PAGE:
Educational Supervision

This year we will look from four different viewpoints at the calling that you have undertaken as a Sabbath School superintendent: (1) educational supervisor; (2) recruiter of volunteers; (3) organizer; (4) person. Whether you sought the position or reluctantly accepted this vital role, you have been called and chosen for such a time as this. This time let’s address superintendents as educational supervisors.

Leaders are hard to come by. Today it is popular to lead the Sabbath School by committee, but a committee cannot replace a great leader supported by a committee. And the idea of the superintendent facilitating the entire Sabbath School and all its teachers may be new to you. So consider the following possibilities gleaned from Fundamentals of Christian Education, pages 256, 257):

  1. You facilitate teachers’ meeting during the week in person or by conference call (e.g., Skype), or at church early on Sabbath morning. This meeting may include eating together but always is richly weighted with prayer in order to facilitate each class being fresh and unique. To accomplish this goal, the superintendent often personally models a class or coordinates individual teacher’s presentations (Counsels on Sabbath School Work, p. 109).
  2. You gather information. During an initial teachers’ meeting—to prevent any surprises—there should be some reference that the superintendent will be randomly visiting classes without interrupting the flow of the classes. The superintendent can offer to look for specific areas in which class facilitators indicate a desire to grow, remembering that no hint of a negative or punitive review process can be allowed in the most positive of all schools, the Sabbath School! (Counsels on Sabbath School Work, p. 168).
  3. You affirm and instruct. After a few weeks of observing classes, the superintendent is armed with a long list of praise and prayer concerns:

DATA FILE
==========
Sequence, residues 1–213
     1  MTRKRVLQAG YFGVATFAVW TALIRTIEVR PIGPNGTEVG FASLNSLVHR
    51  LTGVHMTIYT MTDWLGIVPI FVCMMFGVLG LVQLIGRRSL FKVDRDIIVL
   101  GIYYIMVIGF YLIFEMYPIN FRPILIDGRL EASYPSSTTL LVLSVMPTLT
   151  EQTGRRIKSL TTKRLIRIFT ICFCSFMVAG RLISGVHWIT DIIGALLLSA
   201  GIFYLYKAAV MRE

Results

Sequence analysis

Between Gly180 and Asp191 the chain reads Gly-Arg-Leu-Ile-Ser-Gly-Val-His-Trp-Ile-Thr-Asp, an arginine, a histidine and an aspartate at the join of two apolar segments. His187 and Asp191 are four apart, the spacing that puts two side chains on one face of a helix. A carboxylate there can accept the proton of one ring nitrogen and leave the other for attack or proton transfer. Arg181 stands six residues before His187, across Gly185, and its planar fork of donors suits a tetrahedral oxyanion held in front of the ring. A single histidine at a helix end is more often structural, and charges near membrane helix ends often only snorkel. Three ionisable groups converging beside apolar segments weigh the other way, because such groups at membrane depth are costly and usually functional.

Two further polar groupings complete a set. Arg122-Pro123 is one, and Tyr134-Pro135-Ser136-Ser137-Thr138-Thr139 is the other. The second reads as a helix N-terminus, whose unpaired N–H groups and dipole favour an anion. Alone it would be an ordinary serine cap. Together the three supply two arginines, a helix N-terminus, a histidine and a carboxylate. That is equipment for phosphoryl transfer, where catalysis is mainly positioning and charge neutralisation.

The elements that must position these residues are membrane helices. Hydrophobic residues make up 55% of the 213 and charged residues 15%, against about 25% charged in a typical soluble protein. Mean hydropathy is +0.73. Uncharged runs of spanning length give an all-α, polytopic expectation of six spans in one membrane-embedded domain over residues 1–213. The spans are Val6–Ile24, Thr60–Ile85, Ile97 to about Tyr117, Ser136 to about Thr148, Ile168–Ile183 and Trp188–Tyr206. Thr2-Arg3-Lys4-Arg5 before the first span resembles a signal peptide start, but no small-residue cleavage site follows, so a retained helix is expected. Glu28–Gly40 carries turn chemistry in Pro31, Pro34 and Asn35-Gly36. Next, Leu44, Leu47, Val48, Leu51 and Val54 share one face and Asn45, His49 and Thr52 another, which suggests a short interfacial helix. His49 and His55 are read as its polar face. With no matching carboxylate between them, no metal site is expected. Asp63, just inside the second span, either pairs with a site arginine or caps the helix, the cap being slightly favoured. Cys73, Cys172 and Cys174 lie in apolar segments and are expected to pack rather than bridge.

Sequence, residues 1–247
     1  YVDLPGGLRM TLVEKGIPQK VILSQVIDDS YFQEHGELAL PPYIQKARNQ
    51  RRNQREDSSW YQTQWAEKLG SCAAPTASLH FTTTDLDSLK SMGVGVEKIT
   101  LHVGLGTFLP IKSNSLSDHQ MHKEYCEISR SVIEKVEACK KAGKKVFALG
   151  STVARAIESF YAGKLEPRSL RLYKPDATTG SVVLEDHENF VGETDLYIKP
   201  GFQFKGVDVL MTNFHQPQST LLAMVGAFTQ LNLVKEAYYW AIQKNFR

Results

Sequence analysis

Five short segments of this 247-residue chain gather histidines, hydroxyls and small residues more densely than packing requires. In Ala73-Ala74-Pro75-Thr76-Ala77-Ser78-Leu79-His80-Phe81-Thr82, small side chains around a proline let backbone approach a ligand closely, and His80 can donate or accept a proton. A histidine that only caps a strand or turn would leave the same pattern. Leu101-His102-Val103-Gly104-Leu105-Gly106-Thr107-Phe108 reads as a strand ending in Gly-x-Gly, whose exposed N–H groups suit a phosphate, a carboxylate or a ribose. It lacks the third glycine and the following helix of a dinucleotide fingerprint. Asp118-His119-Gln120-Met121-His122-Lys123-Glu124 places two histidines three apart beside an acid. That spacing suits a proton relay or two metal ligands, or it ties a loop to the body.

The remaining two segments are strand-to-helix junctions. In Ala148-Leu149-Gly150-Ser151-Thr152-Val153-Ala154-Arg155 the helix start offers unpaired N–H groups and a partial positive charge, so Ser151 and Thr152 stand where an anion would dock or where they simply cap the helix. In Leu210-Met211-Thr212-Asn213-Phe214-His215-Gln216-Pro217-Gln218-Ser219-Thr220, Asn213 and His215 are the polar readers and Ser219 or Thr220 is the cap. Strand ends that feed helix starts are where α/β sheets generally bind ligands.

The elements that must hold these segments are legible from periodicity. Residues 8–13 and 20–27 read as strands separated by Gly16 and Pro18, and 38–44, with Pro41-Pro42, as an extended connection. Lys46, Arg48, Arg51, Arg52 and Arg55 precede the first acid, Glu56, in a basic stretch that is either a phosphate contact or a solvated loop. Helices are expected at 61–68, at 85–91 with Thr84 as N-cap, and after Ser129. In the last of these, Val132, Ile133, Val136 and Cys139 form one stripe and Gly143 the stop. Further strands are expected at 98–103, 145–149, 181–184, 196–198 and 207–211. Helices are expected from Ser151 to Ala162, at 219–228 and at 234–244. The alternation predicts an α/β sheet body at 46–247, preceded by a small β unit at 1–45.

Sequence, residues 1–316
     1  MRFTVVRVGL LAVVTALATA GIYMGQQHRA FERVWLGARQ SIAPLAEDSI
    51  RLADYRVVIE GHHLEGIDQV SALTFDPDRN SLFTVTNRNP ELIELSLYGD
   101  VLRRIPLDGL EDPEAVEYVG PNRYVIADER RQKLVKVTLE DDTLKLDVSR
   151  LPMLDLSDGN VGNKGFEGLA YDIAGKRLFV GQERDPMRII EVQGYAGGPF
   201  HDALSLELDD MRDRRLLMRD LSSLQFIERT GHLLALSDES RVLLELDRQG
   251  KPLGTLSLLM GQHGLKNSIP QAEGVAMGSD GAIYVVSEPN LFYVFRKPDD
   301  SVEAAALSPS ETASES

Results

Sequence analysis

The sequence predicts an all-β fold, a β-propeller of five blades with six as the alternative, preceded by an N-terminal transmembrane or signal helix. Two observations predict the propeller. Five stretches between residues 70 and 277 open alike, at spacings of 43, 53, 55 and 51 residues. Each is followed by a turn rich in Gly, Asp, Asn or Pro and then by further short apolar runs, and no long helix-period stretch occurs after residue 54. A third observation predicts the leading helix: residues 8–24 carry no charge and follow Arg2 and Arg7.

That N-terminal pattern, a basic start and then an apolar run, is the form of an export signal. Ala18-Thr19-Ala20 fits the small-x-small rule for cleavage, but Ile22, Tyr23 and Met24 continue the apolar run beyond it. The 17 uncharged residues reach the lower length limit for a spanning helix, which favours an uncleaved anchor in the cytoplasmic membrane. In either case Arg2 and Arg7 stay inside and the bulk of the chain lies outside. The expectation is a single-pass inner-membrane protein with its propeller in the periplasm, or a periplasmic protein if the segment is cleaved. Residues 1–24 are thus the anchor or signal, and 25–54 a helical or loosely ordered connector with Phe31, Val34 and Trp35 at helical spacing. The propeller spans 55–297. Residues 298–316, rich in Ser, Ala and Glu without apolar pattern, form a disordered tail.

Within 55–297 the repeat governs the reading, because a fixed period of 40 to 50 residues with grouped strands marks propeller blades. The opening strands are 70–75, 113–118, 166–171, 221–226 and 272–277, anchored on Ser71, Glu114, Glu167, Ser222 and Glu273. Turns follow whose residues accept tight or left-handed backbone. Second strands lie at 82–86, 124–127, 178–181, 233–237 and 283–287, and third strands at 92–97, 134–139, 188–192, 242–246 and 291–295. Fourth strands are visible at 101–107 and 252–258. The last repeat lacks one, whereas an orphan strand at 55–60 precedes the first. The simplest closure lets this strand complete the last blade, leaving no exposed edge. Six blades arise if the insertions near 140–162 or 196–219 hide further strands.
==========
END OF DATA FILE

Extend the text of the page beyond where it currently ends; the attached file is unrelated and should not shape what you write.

• Facilitators are personally interacting with individual class members (Counsels on Sabbath School Work, p. 169).
  • Facilitators and members are talking about their real lives (Counsels on Sabbath School Work, pp. 74, 114).
  • The class is “seeker” or non-Adventist friendly (Counsels on Sabbath School Work, p. 61).
  • Facilitators who use the lecture method enliven the session with personal illustrations, object lessons, good organization, and a summary leading to a decision (Counsels on Sabbath School Work, pp. 111, 115).

When finding specific concerns, superintendents:

  • Pray privately with teachers who display inexperience or anxiety about a ministry that is new to them.
  • Bring common organizational and instructional needs to the attention of the Sabbath School Council or discuss them in regular meetings of class facilitators—after reviewing successes.
  • Privately discuss with the pastor doctrinal misunderstandings and personality or temperament issues that you observe.

You may be saying to yourself, Yes! I could lead a successful Sabbath School if I had the assistance and teachers that I need. See you next quarter! We will study: The Sabbath School leader as a volunteer recruiter.

Jerrell Gilkeson
© 2014 General Conference of Seventh-day Adventists